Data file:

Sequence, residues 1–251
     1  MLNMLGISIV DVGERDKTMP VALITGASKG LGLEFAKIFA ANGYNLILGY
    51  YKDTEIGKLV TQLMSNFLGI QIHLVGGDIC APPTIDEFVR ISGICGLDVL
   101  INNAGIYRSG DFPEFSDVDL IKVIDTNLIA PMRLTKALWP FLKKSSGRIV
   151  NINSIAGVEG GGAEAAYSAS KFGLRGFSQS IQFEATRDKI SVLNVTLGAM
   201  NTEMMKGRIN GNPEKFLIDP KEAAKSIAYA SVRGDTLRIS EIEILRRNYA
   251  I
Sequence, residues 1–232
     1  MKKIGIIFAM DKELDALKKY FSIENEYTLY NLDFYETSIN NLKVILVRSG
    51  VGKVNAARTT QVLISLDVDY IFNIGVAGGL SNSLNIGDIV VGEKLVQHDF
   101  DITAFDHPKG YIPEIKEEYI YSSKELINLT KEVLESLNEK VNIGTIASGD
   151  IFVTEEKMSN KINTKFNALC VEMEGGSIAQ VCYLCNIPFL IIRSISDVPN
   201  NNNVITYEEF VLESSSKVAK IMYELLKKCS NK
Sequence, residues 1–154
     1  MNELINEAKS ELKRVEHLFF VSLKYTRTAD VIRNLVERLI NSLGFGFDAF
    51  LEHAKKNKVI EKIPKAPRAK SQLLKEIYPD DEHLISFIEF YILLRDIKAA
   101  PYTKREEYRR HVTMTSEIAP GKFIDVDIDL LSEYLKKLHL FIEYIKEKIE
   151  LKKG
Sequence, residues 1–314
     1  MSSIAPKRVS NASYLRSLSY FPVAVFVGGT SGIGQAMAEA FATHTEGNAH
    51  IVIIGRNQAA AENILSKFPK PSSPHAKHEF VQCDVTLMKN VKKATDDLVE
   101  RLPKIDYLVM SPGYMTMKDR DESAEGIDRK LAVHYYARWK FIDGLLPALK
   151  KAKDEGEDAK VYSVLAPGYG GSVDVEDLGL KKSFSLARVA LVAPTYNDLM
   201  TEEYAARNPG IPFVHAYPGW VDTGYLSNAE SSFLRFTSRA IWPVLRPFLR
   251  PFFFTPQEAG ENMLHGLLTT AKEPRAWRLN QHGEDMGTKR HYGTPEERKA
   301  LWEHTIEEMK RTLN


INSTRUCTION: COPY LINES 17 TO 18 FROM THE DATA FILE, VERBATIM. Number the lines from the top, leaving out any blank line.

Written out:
   101  PYTKREEYRR HVTMTSEIAP GKFIDVDIDL LSEYLKKLHL FIEYIKEKIE
   151  LKKG